Greens powders
(Photo: Getty/Westend61)

Do You Need a Greens Powder? Here’s What the Experts Say.

They’re all over your social media feeds, but do they actually work? We turned to a pharmacist and dietician for answers.

Greens powders
Beth Lipton

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Most active people know what they need to do to perform at their best: a combination of quality nutrients, exercise, and sleep. But with work and social obligations, it can feel like a lot to manage, especially when it comes to nutrition. According to the CDC, only roughly 11 percent of U.S. adults eat the recommended amount of fruits and vegetables. As a result, we’re looking for shortcuts. Though they’ve been on the market for years, greens powders have recently garnered a lot of attention and press.

As the supplement industry grows—it hit $71 billion in 2021 and is expected to reach $128 billion by 2028—so does the potential for greens powders. Forecasters expect this speciality market to jump from $279 million to $477 million by 2030.

Are Greens Powders Worth It?

You can’t listen to a podcast or browse social media without encountering ads for Athletic Greens or Bloom Nutrition. But the question remains: Are powdered greens good for you?

Well, sort of. If you eat a good amount of produce but want to fill in a few gaps, leaning on a greens powder could be helpful. But these supplements aren’t a replacement for fruits and vegetables.

“In general, I recommend that people start by eating more greens rather than purchasing a greens powder,” says Sydney Greene, a registered dietician and nutritionist. “Our bodies know how to break down and absorb the nutrients from food, and there is not enough long-term evidence to support consuming a greens powder instead of vegetables.”

It also may give you a false sense of security. “The aspiration is to be healthier and to build those better habits,” says Neal Smoller, a holistic pharmacist. “We’ve been convinced by the wellness industry that taking supplements is a wellness practice. It’s an action, and it feels like you’re doing something, but the end result doesn’t change anything.”

However, there are some instances in which a supplement may make sense. “If you’re traveling and will not have access to fresh vegetables, or have a hard time digesting lots of green vegetables, taking a greens powder can help make sure you meet your nutrient needs,” Greene says. She also recommends putting one in a smoothie if you’re resistant to the addition of whole produce.

What’s in Greens Powders?

To understand what actually goes into these supplements, we compared the top ingredients and nutrition profiles of three popular brands.

1. Athletic Greens AG1

Top ingredients: Spirulina, apple powder, wheatgrass juice powder, alfalfa powder, chlorella powder, barley, acerola fruit juice powder extract, broccoli flower powder, pineapple fruit concentrate, and bilberry fruit extract.

2. Garden of Life Raw Organic Perfect Food Green Superfood Original Powder

Top ingredients: Barley grass juice, alfalfa grass juice, oat grass juice, wheatgrass juice, kamut grass juice, apple, beet, broccoli, carrot, and spinach.

3. Amazing Grass Greens Blend Superfood

Top ingredients: Wheat grass, barley grass, alfalfa grass, spinach, spirulina, chlorella, broccoli, rose hips, pineapple, and carrot.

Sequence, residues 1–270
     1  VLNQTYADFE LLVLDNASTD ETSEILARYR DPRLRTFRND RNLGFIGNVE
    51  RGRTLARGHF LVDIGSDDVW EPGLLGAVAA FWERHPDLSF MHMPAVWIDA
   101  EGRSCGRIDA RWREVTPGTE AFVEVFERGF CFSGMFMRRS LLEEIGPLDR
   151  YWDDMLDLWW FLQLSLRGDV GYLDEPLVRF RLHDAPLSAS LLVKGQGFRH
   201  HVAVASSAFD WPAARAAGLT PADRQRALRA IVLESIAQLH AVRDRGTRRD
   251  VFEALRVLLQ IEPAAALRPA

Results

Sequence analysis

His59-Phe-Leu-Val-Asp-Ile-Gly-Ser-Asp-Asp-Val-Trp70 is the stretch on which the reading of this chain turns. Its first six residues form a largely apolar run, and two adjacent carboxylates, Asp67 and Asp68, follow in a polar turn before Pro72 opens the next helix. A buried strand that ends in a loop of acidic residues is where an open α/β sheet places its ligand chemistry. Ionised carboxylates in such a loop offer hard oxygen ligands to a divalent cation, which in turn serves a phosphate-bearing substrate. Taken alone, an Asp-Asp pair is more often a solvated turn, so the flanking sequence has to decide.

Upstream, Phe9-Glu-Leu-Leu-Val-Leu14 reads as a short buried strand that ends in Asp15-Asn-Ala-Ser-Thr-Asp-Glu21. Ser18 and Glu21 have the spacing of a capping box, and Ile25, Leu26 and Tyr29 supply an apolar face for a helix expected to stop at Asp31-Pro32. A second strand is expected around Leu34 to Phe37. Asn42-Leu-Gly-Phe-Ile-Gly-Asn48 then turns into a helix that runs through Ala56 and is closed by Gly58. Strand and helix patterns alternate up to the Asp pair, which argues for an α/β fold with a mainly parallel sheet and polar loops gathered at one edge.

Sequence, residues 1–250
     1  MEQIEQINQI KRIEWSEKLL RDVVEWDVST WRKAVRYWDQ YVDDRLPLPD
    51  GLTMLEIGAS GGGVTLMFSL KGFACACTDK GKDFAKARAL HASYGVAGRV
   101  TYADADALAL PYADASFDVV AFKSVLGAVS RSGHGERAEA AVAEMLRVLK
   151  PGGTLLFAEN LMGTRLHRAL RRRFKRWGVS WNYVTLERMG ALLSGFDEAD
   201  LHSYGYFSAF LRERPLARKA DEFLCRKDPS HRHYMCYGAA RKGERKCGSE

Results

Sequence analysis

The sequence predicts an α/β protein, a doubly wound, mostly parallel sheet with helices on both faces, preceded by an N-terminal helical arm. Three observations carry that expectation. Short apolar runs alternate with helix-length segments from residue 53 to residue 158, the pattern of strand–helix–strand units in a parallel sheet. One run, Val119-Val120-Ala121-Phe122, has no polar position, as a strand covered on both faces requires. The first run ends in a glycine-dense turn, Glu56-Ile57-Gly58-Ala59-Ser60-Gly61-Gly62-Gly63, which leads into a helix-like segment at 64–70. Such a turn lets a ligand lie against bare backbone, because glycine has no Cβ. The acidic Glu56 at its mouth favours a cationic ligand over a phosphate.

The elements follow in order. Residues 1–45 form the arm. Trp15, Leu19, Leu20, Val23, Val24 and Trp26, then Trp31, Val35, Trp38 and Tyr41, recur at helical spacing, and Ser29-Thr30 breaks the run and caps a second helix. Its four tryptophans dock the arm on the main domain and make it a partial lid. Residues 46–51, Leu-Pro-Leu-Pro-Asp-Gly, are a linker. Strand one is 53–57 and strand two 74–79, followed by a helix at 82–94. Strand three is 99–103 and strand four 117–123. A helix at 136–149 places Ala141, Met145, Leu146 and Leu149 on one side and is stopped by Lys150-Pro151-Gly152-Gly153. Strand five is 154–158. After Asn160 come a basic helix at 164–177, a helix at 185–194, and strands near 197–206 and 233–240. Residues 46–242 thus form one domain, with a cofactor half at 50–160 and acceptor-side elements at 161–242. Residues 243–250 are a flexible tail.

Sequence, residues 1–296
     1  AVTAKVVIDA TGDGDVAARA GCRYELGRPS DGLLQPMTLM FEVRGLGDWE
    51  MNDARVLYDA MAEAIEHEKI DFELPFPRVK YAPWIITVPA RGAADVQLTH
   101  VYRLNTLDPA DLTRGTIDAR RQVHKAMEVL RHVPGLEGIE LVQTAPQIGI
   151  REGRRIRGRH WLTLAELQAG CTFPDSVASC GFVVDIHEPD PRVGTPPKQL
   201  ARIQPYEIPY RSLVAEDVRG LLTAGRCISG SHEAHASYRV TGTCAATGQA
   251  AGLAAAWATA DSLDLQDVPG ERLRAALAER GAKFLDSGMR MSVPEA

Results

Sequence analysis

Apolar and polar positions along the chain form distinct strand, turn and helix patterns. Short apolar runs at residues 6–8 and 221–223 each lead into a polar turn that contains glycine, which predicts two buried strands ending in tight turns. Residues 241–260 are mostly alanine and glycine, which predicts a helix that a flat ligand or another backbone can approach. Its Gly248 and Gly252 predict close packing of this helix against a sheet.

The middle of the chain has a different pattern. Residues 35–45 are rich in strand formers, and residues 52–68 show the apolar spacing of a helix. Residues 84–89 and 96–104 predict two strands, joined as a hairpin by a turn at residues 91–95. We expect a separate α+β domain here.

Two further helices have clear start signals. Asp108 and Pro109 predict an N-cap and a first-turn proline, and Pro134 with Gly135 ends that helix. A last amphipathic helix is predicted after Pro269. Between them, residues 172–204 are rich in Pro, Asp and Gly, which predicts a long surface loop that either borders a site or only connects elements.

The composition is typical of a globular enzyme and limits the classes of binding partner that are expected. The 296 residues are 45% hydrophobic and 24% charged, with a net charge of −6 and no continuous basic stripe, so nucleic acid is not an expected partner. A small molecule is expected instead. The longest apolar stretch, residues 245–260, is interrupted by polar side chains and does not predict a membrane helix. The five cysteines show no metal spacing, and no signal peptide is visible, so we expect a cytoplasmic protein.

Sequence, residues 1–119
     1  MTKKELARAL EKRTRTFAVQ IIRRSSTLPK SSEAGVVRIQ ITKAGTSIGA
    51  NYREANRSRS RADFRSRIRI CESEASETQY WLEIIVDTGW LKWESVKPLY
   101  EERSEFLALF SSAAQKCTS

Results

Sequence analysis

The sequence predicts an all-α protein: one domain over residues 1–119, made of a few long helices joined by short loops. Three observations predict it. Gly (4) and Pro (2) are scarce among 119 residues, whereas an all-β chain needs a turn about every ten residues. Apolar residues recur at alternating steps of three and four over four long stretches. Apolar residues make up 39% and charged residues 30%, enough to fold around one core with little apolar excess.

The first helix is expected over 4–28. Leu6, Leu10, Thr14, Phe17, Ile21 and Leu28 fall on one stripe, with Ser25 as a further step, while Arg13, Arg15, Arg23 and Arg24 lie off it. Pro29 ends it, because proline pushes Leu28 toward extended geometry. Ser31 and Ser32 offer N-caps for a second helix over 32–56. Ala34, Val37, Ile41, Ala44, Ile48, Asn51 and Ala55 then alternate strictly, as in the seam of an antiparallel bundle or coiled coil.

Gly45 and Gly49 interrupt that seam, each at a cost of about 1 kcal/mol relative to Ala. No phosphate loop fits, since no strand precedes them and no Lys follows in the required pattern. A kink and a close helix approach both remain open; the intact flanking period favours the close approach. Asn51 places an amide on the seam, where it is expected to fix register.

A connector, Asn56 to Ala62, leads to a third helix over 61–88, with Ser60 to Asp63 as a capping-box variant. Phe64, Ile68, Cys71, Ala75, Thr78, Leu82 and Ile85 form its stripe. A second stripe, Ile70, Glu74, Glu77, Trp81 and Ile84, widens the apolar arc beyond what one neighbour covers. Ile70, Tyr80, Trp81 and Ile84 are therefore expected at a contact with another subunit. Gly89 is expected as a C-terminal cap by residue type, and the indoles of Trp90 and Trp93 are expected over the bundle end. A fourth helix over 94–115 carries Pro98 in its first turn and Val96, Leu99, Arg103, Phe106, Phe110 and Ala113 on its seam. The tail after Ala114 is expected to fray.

So what should you make of these nutritional profiles? These are all beneficial ingredients, but there’s an important caveat to keep in mind: The actual amount of each is minuscule. “If a blend has 2.4 grams in one scoop, and that blend has 20 or 30 different ingredients, you’re talking about getting less than 100 milligrams of apple or broccoli,” Smoller says.

Are Powdered Greens Good for You?

That’s not the only caveat to consider. These powders, unlike whole vegetables and fruit, are low in fiber. “Fruits and vegetables contain fiber, and fiber is exceptionally important for your gut health,” Smoller says. “Just because there are fruits and vegetables in the powder, they can make the claim that it’s good for gut health, even though they don’t have enough of the ingredient to actually produce gut-improving benefits.”

The three brands we looked at have between 1 and 3 grams of fiber per serving. (The recommended four to five servings of produce per day would typically contain at least 15 grams.) Some powders also have probiotics, which support your gut health. However, you typically get these microorganisms through real foods such as yogurt, miso, and pickles.

You can also overdo it on nutrients. For example, excessive amounts of niacin may cause skin flushing and dizziness. Plus, large quantities of certain nutrients can interfere with medications. Check with your healthcare provider before using a greens powder.

How to Find the Best Greens Powder for You

If you want to use a greens powder as a supplement, keep a few things in mind. “Do your research and avoid powders made with artificial sweeteners or flavorings,” Greene says.

She also recommends looking for products with a third-party certification. “Third-party testing is crucial when purchasing a greens powder, as supplements are not regulated by the FDA,” Greene says. “Third-party testing ensures the purity, potency, and identity of ingredients.” She suggests looking for stamps of approval from, NSF International, or U.S. Pharmacopeia. conducted a test of greens powders recently and found small amounts of lead in some brands. Though the amount was not of concern for most adults, the company advises against daily use for children or anyone who is pregnant or breast-feeding.

Corrections: (08/14/2023) This story has been updated to correct the amount of fiber in produce. The recommended four to five servings of produce per day would contain 15 grams of fiber, not one serving. We regret the errors. Lead Photo: Getty/Westend61